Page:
Utah residents 16 and older with certain health conditions can get the vaccine

SALT LAKE CITY, Utah – Governor Spencer Cox announced that Utahns who are 16 years of age or older and have certain underlying health conditions are now eligible to receive the vaccine.

The date was previously set for March 1.

The governor also announced that all people who are eligible to receive the vaccine no longer have to wait for appointments in their home county. If a resident finds an appointment available outside of their county, they can schedule those appointments.

Cox noted that those residents will also have to return to the same location for the second dose.

Those with the following health conditions are now eligible for the vaccine:

  • Asplenia including splenectomy or spleen dysfunction
  • Body mass index (BMI) of 40 or more (this is also called Class III or severe obesity)
  • Chronic heart disease (not hypertension) including chronic heart failure, ischemic heart disease, and severe congenital or valvular heart disease
  • Chronic liver disease including chronic hepatitis B or C, alcohol-related liver disease, primary biliary cirrhosis, or primary sclerosing cholangitis or hemochromatosis
  • Cancer diagnosed in the last 5 years that started in the blood, bone marrow, or cells of the immune system. This type of cancer is called hematologic cancer (such as leukemia, lymphoma, and multiple myeloma).
  • Cancer diagnosed in the last year that did not start in the blood or bone marrow. This type of cancer is called non-hematologic cancer (excluding basal and squamous cell cancer diagnoses).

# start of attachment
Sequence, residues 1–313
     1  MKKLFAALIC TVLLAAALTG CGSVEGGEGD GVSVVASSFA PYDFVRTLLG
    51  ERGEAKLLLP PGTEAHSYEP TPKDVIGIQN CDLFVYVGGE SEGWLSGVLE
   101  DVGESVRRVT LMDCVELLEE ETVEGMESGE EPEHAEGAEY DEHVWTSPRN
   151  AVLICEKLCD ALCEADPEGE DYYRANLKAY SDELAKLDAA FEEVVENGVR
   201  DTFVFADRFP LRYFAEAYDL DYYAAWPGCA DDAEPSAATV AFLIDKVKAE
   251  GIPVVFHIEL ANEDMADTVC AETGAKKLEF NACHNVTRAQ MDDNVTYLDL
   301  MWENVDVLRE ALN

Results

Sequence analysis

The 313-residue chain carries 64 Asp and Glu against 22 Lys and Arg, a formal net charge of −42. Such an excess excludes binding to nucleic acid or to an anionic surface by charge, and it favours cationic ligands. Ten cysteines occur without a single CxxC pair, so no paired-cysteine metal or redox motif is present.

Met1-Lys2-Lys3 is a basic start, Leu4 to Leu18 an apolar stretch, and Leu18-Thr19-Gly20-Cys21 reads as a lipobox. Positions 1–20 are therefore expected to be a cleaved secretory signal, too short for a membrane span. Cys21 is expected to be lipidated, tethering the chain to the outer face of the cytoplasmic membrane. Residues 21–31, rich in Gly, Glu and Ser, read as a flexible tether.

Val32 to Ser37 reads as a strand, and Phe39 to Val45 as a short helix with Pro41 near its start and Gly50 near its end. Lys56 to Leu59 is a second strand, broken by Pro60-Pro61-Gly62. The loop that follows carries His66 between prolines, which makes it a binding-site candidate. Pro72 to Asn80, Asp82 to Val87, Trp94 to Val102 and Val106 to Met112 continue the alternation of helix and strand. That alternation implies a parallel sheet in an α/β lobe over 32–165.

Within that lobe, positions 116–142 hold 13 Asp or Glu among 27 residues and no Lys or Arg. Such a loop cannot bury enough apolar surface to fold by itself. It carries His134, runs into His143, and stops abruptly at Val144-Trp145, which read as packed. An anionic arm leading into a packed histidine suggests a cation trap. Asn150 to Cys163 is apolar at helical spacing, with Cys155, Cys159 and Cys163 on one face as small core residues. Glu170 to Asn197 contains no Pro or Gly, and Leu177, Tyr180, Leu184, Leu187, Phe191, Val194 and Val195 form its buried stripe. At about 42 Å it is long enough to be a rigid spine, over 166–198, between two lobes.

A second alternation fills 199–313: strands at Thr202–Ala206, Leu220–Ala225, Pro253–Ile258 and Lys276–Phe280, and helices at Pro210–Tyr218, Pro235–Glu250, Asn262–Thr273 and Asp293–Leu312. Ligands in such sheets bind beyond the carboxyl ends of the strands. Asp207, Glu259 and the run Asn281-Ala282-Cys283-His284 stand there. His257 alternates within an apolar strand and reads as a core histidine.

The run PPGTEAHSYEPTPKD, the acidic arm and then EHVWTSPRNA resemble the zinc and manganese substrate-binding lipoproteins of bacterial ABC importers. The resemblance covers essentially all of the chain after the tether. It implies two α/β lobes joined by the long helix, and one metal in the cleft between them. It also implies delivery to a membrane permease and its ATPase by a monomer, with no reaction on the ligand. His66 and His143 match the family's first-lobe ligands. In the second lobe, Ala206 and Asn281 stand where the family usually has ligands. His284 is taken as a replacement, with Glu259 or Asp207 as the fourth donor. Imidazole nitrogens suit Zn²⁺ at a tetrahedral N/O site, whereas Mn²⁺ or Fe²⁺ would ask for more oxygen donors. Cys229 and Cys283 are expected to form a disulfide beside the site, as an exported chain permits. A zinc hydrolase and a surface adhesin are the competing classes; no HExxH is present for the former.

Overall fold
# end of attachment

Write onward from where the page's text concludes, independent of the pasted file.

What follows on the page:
• Immunosuppressed status (weakened immune system) from blood, bone marrow or organ transplantation; HIV; long-term use of corticosteroids; or other medications that weaken the immune system
  • Neurological conditions that impair respiratory function, such as cerebral palsy, Down syndrome, epilepsy, motor neuron disease, multiple sclerosis, myasthenia gravis, Parkinson’s disease, progressive cerebellar disease, and quadriplegia or hemiplegia
  • Receiving dialysis for severe kidney disease
  • Receive immunosuppression therapy
  • Sickle-cell anaemia
  • Severe chronic respiratory disease (other than asthma) including severe chronic obstructive pulmonary disease, fibrosing lung disease, bronchiectasis, or cystic fibrosis
  • Solid organ transplant recipient
  • Stage 4 or stage 5 chronic kidney disease
  • Stroke and dementia (Alzheimer’s, vascular, or frontotemporal)
  • Uncontrolled diabetes with an A1c of 9% or more

The state does not require a doctor’s note to schedule a vaccination appointment. Cox pleaded with Utahns not to lie about health conditions so that he could get a vaccine from more people at risk.

Appointments can be made through local health departments or through select retail pharmacies.

“We expect COVID-19 vaccines to be available starting in April for other age groups, people with underlying medical conditions not listed above, and those who live in congregated settings and are at increased risk of contracting the virus that causes COVID- 19 “, according to the Utah Department of Health. “The vaccines should be available to the general public in late spring or early summer.”


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